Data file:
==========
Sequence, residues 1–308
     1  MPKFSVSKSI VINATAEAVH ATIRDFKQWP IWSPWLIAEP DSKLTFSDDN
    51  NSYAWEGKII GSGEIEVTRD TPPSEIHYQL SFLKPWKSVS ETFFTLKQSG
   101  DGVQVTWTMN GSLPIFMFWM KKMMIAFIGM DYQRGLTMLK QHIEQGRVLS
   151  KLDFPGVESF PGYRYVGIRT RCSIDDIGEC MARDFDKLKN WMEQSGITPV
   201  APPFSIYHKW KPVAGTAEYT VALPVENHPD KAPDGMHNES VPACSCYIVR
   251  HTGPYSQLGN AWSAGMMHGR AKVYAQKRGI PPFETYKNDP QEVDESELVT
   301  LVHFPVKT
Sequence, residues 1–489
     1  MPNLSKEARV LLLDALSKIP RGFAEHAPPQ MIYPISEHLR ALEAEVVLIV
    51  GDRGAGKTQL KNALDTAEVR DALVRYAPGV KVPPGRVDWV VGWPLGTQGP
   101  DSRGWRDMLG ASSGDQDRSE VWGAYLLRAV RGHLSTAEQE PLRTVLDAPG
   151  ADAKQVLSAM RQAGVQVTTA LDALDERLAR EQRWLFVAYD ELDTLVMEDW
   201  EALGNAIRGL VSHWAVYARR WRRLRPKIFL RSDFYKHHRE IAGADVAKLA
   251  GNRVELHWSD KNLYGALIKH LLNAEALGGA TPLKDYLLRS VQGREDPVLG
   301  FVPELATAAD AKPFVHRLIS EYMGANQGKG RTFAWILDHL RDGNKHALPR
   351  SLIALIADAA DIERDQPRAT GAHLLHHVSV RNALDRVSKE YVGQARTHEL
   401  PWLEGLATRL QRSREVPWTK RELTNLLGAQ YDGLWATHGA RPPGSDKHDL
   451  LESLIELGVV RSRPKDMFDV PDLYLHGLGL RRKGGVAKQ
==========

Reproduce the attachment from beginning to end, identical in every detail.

Sequence, residues 1–308
     1  MPKFSVSKSI VINATAEAVH ATIRDFKQWP IWSPWLIAEP DSKLTFSDDN
    51  NSYAWEGKII GSGEIEVTRD TPPSEIHYQL SFLKPWKSVS ETFFTLKQSG
   101  DGVQVTWTMN GSLPIFMFWM KKMMIAFIGM DYQRGLTMLK QHIEQGRVLS
   151  KLDFPGVESF PGYRYVGIRT RCSIDDIGEC MARDFDKLKN WMEQSGITPV
   201  APPFSIYHKW KPVAGTAEYT VALPVENHPD KAPDGMHNES VPACSCYIVR
   251  HTGPYSQLGN AWSAGMMHGR AKVYAQKRGI PPFETYKNDP QEVDESELVT
   301  LVHFPVKT
Sequence, residues 1–489
     1  MPNLSKEARV LLLDALSKIP RGFAEHAPPQ MIYPISEHLR ALEAEVVLIV
    51  GDRGAGKTQL KNALDTAEVR DALVRYAPGV KVPPGRVDWV VGWPLGTQGP
   101  DSRGWRDMLG ASSGDQDRSE VWGAYLLRAV RGHLSTAEQE PLRTVLDAPG
   151  ADAKQVLSAM RQAGVQVTTA LDALDERLAR EQRWLFVAYD ELDTLVMEDW
   201  EALGNAIRGL VSHWAVYARR WRRLRPKIFL RSDFYKHHRE IAGADVAKLA
   251  GNRVELHWSD KNLYGALIKH LLNAEALGGA TPLKDYLLRS VQGREDPVLG
   301  FVPELATAAD AKPFVHRLIS EYMGANQGKG RTFAWILDHL RDGNKHALPR
   351  SLIALIADAA DIERDQPRAT GAHLLHHVSV RNALDRVSKE YVGQARTHEL
   401  PWLEGLATRL QRSREVPWTK RELTNLLGAQ YDGLWATHGA RPPGSDKHDL
   451  LESLIELGVV RSRPKDMFDV PDLYLHGLGL RRKGGVAKQ